Thank you, Coffee Time Romance & More, for hosting me today.  I’ve thought long and hard about what to write for my guest post.  At first, I was planning to write exclusively about my first novel, SAVE AS DRAFT, that was released by Simon & Schuster on February 1, 2011 (there you have it – my shameless plug for the book, LOL).  (Oh, AND there’s a giveaway at the end of this post, how ‘bout them apples?)  But then I thought – will a post about SAD (as it is appropriately called for short) really impart any wisdom to you aspiring writers and readers of fiction?  Sure!  But a post about a more practical subject that we all have to deal with, sometimes everyday, would be even more beneficial.  So, here’s what I’ve come up with:

Rejection

Rejection… Gasp… No!  Valentine’s Day was just four days ago, and we’re already talking about rejection?!  Let’s talk about love or writing or something, anything, other than rejection!!

Hold on there, ladies, gents, and aspiring writers and readers of the literary world.  I promise this is going to be a productive and positive post… promise.  Bear with me.

So, why rejection?  Well, because I wouldn’t be writing to you today on Coffee Time Romance if I hadn’t experienced a little bit in my 33 years, and I have a feeling you may have experienced some, too.  Hopefully, it’s what’s gotten us to where we are right now, and it’s rejection that will continue to push us forward. 

A little about my personal rejections to get us started…

Prior to being a writer, many moons ago (well, not really, more like fifteen years ago but it feels like many moons) I was a struggling actress in Hollywood (yes, Hollywood).  I graduated from UCLA’s School of Theater with visions of winning an Oscar in my head.  I truly believed that my knowledge of such classics as Shakespeare and Oscar Wilde would propel me to the top of every casting director’s wish list, and I brought my Bachelor of Arts degree to all of my auditions like it was my script.  I made sure every producer knew I was the smartest actor in the room (and sometimes I was), although maybe not the prettiest (I usually was not).  Three years tops and my name would be thrown around in the same sentence as Meryl Streep, right?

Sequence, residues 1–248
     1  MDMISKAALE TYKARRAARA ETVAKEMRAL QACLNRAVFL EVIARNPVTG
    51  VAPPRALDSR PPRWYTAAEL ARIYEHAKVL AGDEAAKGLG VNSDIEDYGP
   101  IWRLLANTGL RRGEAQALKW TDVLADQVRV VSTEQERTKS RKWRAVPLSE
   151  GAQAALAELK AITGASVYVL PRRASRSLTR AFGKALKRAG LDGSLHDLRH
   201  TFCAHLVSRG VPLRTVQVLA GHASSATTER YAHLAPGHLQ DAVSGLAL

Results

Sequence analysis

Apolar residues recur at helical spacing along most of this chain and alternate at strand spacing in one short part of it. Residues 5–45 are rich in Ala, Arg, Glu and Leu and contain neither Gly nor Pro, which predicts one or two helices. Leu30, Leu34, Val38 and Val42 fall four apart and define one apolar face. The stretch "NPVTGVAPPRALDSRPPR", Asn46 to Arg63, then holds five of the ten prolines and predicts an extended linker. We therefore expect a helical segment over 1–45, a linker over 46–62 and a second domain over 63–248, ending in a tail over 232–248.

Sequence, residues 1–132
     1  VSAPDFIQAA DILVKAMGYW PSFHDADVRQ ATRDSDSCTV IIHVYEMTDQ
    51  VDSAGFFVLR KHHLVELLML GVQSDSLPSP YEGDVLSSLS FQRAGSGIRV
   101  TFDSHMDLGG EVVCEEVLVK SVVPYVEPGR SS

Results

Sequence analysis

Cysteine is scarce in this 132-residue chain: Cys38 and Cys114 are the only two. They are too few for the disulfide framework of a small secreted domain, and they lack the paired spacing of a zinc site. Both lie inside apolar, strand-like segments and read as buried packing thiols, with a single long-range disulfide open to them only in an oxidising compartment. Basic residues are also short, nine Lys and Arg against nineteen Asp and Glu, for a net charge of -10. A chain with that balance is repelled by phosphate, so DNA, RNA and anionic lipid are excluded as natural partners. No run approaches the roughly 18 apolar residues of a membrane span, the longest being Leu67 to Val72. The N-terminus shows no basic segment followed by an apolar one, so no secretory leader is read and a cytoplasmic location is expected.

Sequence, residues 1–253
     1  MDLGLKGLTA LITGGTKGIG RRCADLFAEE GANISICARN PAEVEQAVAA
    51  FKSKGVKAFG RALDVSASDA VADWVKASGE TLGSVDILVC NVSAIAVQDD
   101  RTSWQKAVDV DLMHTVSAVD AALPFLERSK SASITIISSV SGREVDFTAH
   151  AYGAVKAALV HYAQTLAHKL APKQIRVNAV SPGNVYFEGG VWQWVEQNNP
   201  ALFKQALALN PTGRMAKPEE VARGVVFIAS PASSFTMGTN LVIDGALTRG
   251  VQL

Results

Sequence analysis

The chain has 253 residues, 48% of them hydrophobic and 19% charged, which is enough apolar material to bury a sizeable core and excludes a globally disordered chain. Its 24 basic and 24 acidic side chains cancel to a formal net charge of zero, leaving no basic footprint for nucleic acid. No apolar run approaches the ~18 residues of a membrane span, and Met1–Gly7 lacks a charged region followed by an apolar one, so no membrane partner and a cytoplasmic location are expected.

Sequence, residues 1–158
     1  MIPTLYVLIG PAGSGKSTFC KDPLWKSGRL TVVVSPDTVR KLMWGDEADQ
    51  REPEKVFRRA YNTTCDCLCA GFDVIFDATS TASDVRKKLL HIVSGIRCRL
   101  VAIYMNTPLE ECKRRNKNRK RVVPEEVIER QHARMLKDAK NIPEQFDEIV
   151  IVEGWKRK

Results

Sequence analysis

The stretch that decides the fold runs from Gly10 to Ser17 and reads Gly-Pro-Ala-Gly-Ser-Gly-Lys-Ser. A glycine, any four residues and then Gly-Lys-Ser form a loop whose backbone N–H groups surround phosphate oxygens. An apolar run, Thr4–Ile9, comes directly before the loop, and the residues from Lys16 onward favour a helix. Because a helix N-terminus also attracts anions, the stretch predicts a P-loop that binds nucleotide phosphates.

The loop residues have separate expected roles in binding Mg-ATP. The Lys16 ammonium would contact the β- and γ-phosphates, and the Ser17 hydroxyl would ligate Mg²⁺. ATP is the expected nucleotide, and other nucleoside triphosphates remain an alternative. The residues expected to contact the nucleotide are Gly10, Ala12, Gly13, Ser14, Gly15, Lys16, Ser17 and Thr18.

Wrong.

I was completely rejected by Hollywood (except in the waiting tables department) and not just once.  I was rejected nearly every day for five years (that’s how long I lasted post-undergrad).  When I say “rejected,” only a real-life example can get the message across:

One day I had six different auditions during which I was told that I was “too cute” at the first one, “not cute enough” at the second one, “too thin” at the third, “not thin enough” at the fourth, “too funny” at the fifth audition, and “not funny enough” at the sixth one.

Ouch is right!

Hollywood:  my first big (and slightly expensive) rejection.

After five years of that, I moved on to Plan B:  law school.  On a side note, I did not give up my dream to be a famous actress; instead I decided I wanted more than what I was (not) getting in Hollywood and, much more important, after so many starving years (because all actresses must be really, really thin), I wanted to eat… food!!  I picked up a drumstick and never looked back.  In fact, I moved as far away from my home state of California as I could to attend University of North Carolina at Chapel Hill School of Law.